This picture was shown in 1809 in Blake’s only one-man exhibition. It was described as “painted at intervals” and an “experiment on colours without any oil vehicle.” Blake was emphasising his rejection of oil paint as used by the Old Masters he called Venetian and Flemish “Demons.” Blake thought oil paint encouraged sloppy handling, and that lights and shades could not be rendered properly. No oil paintings by Blake have survived. Here, Blake used his own invented “Tempera,” patriotically emulating mediaeval artists whose work was “true” Art. The subject comes from Book I of John Milton’s poem Paradise Lost.

His experiments at recapturing the old tempera technique are shown in, inter alia, The Body of Christ Borne to the Tomb (c. 1799-1800) or The Spiritual Form of Nelson Guiding Leviathan (c. 1805-09). The objective of the curators (Robin Hamlyn and Joyce H. Townsend) appears clearly through these two examples, since the captions very neatly explain how the contrast in the state of conservation of two pictures is due to the different supports used by Blake.

For The Body of Christ Borne to the Tomb, they write:

This tempera is very well preserved, mainly because it was painted on thin linen canvas, stuck onto thin cardboard. This is stiff enough to reduce the cracking that develops on flexible canvas. It also made it unnecessary to add the animal glue lining which has spoilt the opaque white effect of Blake’s chalk preparatory layer in many temperas. As a result, Blake’s delicate painted details can still be seen as he intended.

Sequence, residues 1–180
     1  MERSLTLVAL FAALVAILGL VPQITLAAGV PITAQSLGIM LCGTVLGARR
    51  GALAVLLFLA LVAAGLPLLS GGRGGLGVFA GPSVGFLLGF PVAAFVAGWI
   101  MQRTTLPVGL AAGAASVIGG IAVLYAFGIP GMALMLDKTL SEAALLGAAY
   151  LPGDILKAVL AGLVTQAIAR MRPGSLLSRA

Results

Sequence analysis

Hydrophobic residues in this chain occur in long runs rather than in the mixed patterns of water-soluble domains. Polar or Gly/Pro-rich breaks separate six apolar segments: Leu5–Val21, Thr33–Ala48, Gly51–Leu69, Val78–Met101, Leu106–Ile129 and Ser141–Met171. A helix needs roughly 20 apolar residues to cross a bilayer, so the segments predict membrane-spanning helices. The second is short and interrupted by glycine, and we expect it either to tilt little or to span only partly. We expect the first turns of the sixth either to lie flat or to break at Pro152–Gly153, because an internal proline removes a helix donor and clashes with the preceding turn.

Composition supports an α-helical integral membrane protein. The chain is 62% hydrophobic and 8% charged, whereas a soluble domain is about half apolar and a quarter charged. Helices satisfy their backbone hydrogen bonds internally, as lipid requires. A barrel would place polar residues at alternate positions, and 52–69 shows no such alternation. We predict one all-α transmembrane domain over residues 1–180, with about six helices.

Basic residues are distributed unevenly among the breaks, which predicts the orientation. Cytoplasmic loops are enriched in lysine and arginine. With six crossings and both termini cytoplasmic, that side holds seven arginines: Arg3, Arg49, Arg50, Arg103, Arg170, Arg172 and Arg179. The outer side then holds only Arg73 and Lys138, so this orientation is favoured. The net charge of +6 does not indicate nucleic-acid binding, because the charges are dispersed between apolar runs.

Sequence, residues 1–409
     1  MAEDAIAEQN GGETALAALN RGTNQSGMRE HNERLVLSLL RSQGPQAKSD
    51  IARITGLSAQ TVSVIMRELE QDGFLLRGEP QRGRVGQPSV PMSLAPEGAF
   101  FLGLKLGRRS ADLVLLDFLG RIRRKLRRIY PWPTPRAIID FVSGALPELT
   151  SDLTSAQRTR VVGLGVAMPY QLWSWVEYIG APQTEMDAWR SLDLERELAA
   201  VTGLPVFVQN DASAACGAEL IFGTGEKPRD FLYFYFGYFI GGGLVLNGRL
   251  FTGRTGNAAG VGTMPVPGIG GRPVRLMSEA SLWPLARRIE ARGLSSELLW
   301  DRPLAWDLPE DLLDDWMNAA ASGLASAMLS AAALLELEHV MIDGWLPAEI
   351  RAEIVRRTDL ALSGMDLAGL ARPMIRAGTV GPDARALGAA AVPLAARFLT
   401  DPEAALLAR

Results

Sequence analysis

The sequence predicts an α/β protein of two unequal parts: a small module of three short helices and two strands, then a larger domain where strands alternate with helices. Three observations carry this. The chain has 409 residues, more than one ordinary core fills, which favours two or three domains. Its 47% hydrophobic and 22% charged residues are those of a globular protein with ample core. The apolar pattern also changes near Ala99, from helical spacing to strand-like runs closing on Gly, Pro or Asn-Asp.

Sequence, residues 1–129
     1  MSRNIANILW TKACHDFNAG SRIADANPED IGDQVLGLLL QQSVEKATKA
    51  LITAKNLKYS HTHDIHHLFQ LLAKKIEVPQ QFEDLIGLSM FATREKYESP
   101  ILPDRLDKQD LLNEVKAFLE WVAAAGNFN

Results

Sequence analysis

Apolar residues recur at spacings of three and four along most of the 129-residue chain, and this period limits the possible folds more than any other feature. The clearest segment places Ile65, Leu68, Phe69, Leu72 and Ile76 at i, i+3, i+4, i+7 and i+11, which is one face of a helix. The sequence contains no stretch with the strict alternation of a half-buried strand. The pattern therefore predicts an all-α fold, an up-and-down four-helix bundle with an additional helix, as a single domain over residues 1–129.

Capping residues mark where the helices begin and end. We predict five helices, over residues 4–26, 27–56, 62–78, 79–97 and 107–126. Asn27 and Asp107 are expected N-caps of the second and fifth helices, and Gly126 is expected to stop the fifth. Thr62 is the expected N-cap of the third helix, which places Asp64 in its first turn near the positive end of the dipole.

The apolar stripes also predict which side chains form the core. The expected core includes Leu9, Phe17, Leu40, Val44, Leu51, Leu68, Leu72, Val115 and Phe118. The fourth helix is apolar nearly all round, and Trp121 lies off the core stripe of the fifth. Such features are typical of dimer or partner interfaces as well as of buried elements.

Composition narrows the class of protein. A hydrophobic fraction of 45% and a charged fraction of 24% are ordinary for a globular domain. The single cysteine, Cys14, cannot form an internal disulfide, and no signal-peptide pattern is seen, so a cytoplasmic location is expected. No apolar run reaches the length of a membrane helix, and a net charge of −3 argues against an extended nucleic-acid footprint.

By contrast, the reasons for the poor conservation of The Spiritual Form of Nelson Guiding Leviathan are given in language equally accessible to the layman:

This work is cracked and damaged because Blake used a thin canvas and chalk-based ground. The ground layer has darkened due to the conservation treatment of “glue” lining; this is only suitable for oil paintings. Layers of glue in some of Blake’s paints have also darkened. The orange tonality comes from remnants of a discoloured varnish. The contraction of the glue-rich layers and the movement of the thin canvas has created stress, causing cracking.